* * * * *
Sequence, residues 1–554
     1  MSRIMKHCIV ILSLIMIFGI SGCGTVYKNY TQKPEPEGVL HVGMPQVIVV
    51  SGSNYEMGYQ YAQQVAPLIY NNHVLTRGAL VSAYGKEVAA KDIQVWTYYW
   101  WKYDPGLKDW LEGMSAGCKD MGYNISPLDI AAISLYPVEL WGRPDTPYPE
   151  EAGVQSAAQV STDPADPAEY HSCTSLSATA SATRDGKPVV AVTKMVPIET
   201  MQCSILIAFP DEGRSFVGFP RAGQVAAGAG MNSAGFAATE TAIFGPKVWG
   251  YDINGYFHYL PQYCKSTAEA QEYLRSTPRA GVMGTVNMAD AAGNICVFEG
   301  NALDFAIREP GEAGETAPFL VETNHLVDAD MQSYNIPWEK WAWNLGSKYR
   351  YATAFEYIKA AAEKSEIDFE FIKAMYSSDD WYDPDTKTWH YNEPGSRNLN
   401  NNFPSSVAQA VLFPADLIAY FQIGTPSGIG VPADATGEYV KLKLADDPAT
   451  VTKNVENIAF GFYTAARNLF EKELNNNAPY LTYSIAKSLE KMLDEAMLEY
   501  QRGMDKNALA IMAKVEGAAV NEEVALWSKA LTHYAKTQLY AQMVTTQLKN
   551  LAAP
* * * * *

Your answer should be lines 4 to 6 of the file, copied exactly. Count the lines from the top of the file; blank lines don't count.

   101  WKYDPGLKDW LEGMSAGCKD MGYNISPLDI AAISLYPVEL WGRPDTPYPE
   151  EAGVQSAAQV STDPADPAEY HSCTSLSATA SATRDGKPVV AVTKMVPIET
   201  MQCSILIAFP DEGRSFVGFP RAGQVAAGAG MNSAGFAATE TAIFGPKVWG